All states have statutes, typically found in the state’s corporation laws, permitting or requiring indemnification of officers and directors in certain situations. For example, Minnesota’s statutory indemnification provisions can be found at Minn. Stat. § 302A.521, and Delaware’s can be found at § 145 of the Delaware General Corporation Law.

State indemnification statutes can vary widely, but most address certain items such as:

  • whether indemnification is permissive or mandatory (or what types of indemnification are permissive and which mandatory);
  • persons to whom indemnification obligations are owed;
  • what standard of conduct must be met by a potentially protected person to trigger indemnification;
  • what type of losses are subject to indemnification; and
  • procedures for obtaining advances or later payment of indemnified amounts.

Corporate organizational documents normally provide for indemnification in accordance with the statute of the state of organization, though it may also provide for narrower or broader indemnification (assuming permitted by the statute, and it usually is). Broader indemnification obligations are common, as they are a way to help companies attract and retain qualified officers and directors.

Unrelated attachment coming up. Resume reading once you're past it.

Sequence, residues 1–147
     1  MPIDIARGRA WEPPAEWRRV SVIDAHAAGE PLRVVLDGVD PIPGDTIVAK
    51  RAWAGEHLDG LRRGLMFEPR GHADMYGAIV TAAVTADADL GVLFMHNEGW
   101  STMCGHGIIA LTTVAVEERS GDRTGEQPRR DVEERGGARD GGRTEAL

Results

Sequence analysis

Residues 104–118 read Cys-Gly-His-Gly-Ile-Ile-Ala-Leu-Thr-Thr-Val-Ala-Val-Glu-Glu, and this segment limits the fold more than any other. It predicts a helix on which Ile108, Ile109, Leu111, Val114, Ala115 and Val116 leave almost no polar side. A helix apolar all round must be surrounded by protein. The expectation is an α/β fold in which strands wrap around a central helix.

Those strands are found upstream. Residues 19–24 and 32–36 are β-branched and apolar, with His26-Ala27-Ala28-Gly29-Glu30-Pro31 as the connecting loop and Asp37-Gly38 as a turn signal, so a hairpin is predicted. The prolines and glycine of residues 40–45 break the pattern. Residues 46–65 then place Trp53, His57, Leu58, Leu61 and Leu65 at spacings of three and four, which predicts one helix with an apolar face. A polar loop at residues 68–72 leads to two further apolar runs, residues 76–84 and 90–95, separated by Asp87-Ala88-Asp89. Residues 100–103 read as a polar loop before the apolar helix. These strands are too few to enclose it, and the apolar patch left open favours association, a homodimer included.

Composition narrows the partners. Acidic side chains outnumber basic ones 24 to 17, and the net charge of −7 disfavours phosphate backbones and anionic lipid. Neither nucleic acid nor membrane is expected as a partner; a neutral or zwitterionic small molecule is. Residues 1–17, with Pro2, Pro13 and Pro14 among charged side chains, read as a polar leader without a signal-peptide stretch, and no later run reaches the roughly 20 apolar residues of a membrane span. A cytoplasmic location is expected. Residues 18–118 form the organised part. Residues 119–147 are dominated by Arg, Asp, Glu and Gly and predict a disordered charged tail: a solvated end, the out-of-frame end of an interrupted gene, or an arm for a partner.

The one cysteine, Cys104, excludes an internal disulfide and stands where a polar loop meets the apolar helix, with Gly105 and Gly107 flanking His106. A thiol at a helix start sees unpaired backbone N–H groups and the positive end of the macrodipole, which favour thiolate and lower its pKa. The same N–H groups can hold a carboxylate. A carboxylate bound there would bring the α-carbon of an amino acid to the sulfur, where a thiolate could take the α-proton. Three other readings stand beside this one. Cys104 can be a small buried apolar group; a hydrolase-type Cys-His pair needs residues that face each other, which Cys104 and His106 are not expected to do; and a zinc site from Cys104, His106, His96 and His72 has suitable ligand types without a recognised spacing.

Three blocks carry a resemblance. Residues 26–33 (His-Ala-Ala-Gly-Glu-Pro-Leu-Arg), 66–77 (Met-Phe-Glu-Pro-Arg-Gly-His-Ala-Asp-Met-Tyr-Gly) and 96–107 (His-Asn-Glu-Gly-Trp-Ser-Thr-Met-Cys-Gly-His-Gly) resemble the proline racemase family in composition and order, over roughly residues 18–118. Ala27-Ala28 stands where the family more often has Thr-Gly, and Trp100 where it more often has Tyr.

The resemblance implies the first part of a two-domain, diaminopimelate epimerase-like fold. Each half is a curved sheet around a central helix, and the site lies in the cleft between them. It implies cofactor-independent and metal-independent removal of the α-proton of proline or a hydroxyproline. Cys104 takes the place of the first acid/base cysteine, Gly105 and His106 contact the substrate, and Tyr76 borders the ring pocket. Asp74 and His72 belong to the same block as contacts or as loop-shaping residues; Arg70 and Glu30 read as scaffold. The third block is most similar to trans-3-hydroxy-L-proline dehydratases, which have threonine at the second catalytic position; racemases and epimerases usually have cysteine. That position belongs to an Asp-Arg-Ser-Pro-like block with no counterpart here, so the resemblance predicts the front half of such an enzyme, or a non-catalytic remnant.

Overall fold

Indemnification obligations can have significant ramifications. For example, the Delaware Supreme Court recently upheld an over $1.8 million award to a corporation’s former CFO, Mr. Horne, in a lawsuit brought by the former CFO against the corporation to obtain indemnification. OptimisCorp v. Horne, No. 223, 2017 (Del. Dec. 15, 2017). Mr. Horne had been accused in 2013 by the company’s CEO of breaching his duties to the company for allegedly bribing a female employee to accuse the CEO of sexual harassment during a period in which different parties were fighting for control of the company.

After a trial, Mr. Horne was cleared of all claims. He then filed the indemnification suit against the company for the fees he incurred in successfully defending against the claims. The court agreed that the company’s indemnification obligations were triggered and awarded Mr. Horne $1.8 million for fees he incurred in the 2013 lawsuit, as well as the additional costs he had sustained in pursing the indemnification claim. For a copy of that opinion, click here. In a one-page opinion, after an appeal by the company, the Delaware Supreme Court affirmed.

Most corporations protect against indemnification exposure through director and officer insurance. An important practical tip is for corporations to regularly reevaluate their indemnification obligations and D&O insurance coverage, as changing circumstances may warrant a revision to one or both.